PLY: A UK centric day today as the Chancellor made tax shuffles which will short term help but long term just hinder the economic by making life more bureaucratic still… At least for now it’s progress for the social impact bond movement, even if the UK economic itself still has nobody brave enough to tackle its long-term problems…and that probably requires more than just SIBs!
From April next year, equity and certain debt investments into social organisations will qualify for a 30pc tax credit. This will apply to investments up to a maximum of £1m.
The launch of a new social impact bond will also allow companies that work for the social good to raise money without issuing shares.
Social impact bonds are a contract with government that commit to delivering performance-based returns based on improved social outcomes and public sector savings. “They are a halfway house between a charitable donation and a proper investment,” explained John Cooney, head of private client services at accountancy firm EY. “It’s a charitable donation where you stand a 50pc chance of getting your money back.”
LONDON is fast emerging as a global centre for social investing. All of the ingredients are here: a vibrant entrepreneurial culture, a strong ethos of charitable giving and investing for good, a supportive government, and organisations whose aim is to grow the world of social impact investing.
In the last few months, London has hosted the G8 social impact investment task-force, the Global Impact Investing Network, and seen the launch of new accelerator programmes and social investment funds – Goldman Sachs and Morgan Stanley are the latest to enter the market. But while our own impact investment fund has seen a huge demand for risk capital in the last 12 months, to really grow this new market we need to encourage more investors who are prepared to invest across the spectrum of risk.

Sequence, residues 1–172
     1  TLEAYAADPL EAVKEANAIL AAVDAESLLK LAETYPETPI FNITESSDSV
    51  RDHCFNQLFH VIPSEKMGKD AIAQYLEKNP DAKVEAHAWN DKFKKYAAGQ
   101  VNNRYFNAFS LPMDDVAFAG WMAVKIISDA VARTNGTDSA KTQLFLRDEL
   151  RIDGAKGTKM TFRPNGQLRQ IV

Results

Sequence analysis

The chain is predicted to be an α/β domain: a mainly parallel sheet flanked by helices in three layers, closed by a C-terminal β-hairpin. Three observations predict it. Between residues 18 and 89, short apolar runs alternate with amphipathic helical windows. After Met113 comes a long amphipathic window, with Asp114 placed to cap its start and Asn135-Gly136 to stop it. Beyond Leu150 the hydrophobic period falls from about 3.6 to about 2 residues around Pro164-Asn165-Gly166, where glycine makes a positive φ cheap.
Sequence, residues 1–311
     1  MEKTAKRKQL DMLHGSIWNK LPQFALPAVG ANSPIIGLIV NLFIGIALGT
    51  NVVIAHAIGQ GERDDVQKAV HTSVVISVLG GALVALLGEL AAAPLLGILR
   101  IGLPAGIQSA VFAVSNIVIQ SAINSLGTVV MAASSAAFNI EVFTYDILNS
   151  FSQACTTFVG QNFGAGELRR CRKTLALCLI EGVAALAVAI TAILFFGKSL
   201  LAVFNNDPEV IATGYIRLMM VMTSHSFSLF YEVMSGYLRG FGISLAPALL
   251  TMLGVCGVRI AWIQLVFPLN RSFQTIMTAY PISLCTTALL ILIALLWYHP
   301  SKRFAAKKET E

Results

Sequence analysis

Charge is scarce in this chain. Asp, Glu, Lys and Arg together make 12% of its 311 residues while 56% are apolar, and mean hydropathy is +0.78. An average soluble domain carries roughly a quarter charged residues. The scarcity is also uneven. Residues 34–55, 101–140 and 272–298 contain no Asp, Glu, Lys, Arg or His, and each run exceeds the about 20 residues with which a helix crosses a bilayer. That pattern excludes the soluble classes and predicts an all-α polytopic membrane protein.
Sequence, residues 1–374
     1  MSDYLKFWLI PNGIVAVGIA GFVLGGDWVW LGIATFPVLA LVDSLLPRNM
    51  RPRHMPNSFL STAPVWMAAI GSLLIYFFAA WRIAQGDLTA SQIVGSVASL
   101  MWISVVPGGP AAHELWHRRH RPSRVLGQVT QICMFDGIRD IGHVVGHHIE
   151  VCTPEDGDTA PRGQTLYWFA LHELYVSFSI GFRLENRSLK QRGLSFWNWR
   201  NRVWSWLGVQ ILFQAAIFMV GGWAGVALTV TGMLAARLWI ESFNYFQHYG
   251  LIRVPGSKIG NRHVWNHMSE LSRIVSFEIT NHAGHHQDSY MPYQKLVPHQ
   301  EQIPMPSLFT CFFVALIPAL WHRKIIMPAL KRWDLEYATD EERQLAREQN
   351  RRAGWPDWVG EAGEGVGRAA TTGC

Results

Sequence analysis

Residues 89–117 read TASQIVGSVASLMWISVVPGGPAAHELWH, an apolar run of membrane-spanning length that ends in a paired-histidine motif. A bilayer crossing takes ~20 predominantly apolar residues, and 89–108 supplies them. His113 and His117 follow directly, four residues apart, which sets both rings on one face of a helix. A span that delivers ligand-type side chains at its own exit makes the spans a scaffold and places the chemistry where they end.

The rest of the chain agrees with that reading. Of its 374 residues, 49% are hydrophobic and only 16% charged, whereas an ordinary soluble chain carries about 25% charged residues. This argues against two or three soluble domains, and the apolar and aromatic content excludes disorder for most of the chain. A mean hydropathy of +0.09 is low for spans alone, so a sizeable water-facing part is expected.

So far, the government has been a major catalyst for the growth of the sector, and rightly wants to open up the social investment market to new sources of capital. But when the chancellor delivers his Autumn Statement today, we are hoping he gives this market a further boost by revealing details of a new tax relief for social investment. There is a real opportunity to recreate the great success of schemes like the Enterprise Investment Scheme (EIS), and Venture Capital Trusts (VCT). By providing a tax incentive to the investor, these initiatives have supplied over £8.7bn of capital into over 20,000 firms in 20 years.
But a consultation on the tax relief over the summer has led to concerns that the chancellor’s announcement will be akin to baby steps, not a huge leap forward.
Focusing incentives around a tight definition of who qualifies, limiting how much they can raise (possibly only £150,000), and only giving relief for certain risk-based debt investments will limit the impact of this new scheme.
Of course, tax incentives should look to grow the market and not just subsidise the capital that is already in place, and tax incentives should reward risk taking. However, most investment in social enterprise is high risk – investments are made to grow impact, not to make large capital gains, so doesn’t it follow that the incentives need to be pretty broad?
So, what would create more opportunity?